its not clear how you expect operating income to increase. would it be due to podcasts having bigger margins, and how? or promoted content? Nice presentation.

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Mar 4, 2022Liked by Antonio Linares

Hey Antonio,

I watched you stream with Robert on YouTube and read your blog posts on Spotify afterwards. Thank you for the writeup.

Are you familiar with the podcast "Spotify: A Product Story"? A bit meta, but very interesting to get a glimpse of the major milestones and challenges over the years from their point of view. Episode 7 is especially interesting, where they discuss their move from music to broader audio (including, but not limited to podcasts).

In the podcast they speak about a model for content companies with three phases:

1. Access - as long as Access is limited, it solves the customer need to provide the content. Spotify started by streaming music faster than anybody else. Currently advanced search functions play a role into access as well, I would argue.

2. Exclusive Content - This is where Spotify is right now and explains their investments in Joe Rogan & other celebrity podcasts. Netflix is in this Phase as well, with a major issue of large costs to create their content. Spotify solves this more elegantly. I

3. Platform - Users join because of the content, creators join because of users & monetization potential. Spotify is on a good path here. Including creator tools on their platform for producing podcasts & music. The more people use the Spotify the more they convert to paying premium users. And I know firsthand how sticky the personal recommendation engine and tailored playlists are once you have use the service a bit.

It will be interesting to see what a future Phase 4 could look like - maybe your thoughts on Web3.0 will play out here. Who knows.

I like that the flywheel currently provides ample growth opportunity, but I don't see how their margins will improve anytime soon. The (exclusive) podcast content is seen as a differentiator to other platforms/competitors and therefore provided for free or with minimal monetization even to non-premium users. Therefore cashflows to shareholder will be farther down the line and should be discounted accordingly.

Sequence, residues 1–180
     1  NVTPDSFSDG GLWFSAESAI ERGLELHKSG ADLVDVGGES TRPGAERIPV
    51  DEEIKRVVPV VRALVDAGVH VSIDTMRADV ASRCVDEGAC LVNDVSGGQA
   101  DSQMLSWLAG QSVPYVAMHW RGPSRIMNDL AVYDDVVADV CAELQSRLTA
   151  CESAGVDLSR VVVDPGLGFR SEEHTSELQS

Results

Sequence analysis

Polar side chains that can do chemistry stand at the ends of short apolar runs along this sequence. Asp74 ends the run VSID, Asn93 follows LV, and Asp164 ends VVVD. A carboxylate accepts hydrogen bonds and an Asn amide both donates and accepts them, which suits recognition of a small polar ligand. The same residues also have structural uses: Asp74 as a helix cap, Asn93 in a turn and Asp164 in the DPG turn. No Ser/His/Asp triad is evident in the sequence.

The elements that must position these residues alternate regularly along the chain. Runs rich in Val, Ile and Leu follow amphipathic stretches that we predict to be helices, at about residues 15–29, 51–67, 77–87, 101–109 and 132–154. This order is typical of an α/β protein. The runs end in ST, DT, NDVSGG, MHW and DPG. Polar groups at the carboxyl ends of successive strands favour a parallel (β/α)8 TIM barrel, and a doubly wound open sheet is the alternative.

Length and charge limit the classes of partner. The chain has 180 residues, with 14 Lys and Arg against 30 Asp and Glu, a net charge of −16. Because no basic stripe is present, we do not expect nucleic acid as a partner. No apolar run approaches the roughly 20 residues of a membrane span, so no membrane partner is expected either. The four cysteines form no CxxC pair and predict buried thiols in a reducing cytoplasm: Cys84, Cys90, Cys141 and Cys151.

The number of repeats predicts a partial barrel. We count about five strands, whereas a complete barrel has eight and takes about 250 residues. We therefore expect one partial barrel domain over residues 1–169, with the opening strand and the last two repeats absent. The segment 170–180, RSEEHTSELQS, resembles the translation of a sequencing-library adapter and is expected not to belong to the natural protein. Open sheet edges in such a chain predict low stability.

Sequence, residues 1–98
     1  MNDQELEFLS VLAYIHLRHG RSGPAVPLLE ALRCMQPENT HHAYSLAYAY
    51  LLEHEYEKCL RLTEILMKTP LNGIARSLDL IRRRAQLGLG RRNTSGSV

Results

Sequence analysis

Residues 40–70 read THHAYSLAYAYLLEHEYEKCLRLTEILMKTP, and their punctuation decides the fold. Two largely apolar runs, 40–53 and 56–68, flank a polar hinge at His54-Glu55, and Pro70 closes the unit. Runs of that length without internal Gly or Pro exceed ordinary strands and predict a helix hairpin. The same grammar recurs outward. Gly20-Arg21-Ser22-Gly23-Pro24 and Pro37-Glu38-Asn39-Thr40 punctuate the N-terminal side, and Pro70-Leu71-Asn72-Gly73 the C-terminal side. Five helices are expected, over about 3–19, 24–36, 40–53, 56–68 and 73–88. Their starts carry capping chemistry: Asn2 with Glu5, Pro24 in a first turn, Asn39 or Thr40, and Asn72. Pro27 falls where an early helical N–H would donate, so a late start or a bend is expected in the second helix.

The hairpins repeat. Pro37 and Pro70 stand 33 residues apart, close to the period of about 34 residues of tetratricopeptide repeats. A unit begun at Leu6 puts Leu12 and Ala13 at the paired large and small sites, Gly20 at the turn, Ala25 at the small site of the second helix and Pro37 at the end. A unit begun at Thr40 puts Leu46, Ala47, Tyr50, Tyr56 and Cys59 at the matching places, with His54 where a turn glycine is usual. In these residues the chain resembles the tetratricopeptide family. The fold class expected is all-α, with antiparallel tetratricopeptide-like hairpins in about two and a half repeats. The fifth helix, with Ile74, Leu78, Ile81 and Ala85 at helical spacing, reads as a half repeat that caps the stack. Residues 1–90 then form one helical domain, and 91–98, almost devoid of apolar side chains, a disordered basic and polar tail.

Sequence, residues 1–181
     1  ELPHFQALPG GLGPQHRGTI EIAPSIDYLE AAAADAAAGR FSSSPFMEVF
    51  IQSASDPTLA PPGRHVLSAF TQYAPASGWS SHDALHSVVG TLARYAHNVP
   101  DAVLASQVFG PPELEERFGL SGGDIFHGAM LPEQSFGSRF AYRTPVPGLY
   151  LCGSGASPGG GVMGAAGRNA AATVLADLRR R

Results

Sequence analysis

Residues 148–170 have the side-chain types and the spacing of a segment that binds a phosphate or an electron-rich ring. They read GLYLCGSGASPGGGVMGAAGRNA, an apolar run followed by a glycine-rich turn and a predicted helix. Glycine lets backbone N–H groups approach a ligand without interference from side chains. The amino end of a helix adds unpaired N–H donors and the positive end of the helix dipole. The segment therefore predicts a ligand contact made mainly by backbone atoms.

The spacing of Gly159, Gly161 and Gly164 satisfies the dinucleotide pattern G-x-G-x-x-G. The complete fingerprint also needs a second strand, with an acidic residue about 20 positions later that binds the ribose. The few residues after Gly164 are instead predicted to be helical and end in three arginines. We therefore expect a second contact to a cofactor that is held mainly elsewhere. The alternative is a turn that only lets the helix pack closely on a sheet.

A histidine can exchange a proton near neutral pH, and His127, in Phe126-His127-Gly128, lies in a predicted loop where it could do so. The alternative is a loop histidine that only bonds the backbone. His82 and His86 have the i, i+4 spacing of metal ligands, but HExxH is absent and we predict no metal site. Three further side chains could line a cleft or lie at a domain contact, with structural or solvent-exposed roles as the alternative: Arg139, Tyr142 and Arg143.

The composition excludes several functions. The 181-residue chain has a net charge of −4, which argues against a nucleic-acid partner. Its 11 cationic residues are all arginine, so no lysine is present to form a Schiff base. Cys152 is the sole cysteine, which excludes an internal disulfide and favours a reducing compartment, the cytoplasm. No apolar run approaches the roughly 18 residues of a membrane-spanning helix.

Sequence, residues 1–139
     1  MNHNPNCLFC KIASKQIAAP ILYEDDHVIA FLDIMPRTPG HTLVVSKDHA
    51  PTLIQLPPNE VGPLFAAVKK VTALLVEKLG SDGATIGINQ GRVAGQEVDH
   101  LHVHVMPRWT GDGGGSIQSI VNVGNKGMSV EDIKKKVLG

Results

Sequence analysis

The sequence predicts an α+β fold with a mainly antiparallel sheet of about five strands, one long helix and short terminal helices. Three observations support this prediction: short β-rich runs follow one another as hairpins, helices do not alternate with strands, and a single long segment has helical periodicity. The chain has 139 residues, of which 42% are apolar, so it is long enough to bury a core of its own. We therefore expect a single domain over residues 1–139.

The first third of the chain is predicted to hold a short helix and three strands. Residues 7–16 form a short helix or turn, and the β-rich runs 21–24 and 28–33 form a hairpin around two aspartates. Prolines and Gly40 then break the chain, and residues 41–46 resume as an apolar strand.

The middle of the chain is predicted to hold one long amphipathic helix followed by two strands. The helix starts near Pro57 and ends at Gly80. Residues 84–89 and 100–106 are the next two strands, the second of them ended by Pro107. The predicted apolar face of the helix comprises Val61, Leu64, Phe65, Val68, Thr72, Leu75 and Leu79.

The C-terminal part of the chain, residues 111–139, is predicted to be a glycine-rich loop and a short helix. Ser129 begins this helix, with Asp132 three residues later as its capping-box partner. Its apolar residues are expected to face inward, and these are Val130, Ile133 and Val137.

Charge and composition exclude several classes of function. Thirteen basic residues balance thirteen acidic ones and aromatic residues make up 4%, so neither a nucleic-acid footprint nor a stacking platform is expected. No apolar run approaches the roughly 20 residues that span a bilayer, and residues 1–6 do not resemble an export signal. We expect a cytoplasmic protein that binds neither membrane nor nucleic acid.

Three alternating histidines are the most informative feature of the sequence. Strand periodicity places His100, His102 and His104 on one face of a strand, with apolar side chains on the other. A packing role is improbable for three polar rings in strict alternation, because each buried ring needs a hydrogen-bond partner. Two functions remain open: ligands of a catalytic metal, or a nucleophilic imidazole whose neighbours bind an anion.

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Dec 7, 2021Liked by Antonio Linares

What about competition in the high-quality resolution end of the music business? I believe there are three serious competitors offering this already. Spotify is said to be moving on this soon.

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Good work. Especially in understanding the company’s moat. Here are a few points I don’t fully agree with: 1. Spotify’s R&D is unusually high. Can’t look at it as % of revenue (most software companies margins are MUCH higher). May be look at it as % of gross profit. $1B in R&D tells you there are tons of innovations lined up and MOST of the company’s value is in the future (hence, can’t value the company looking backwards). 2. Your valuation model is too simplistic, especially if you are going to go as far as 10 years. It is likely that music review will be substantially smaller part of the company’s total revenue. Margins associated with other revenue segments are likely going to be software like. 3. “$SPOT today is reasonably priced at around 4 times sales” Too simplistic and likely incorrect way to value this business. 4. On risks: Not sure if the competition can substantially reduce prices. Spotify has been under pressure from the content owners (Labels and creators) to INCREASE prices. 5. “Labels could get together and produce their own streaming platforms” This would be anti-competitive.

They are in land-grab mode. They shouldn’t be flexing their “pricing power” muscle so much. I see it as a bit concerning. Could be more related to keeping creators and labels happy than trying to squeeze customers.

Again, good work researching this company. Not an easy company to understand or value.

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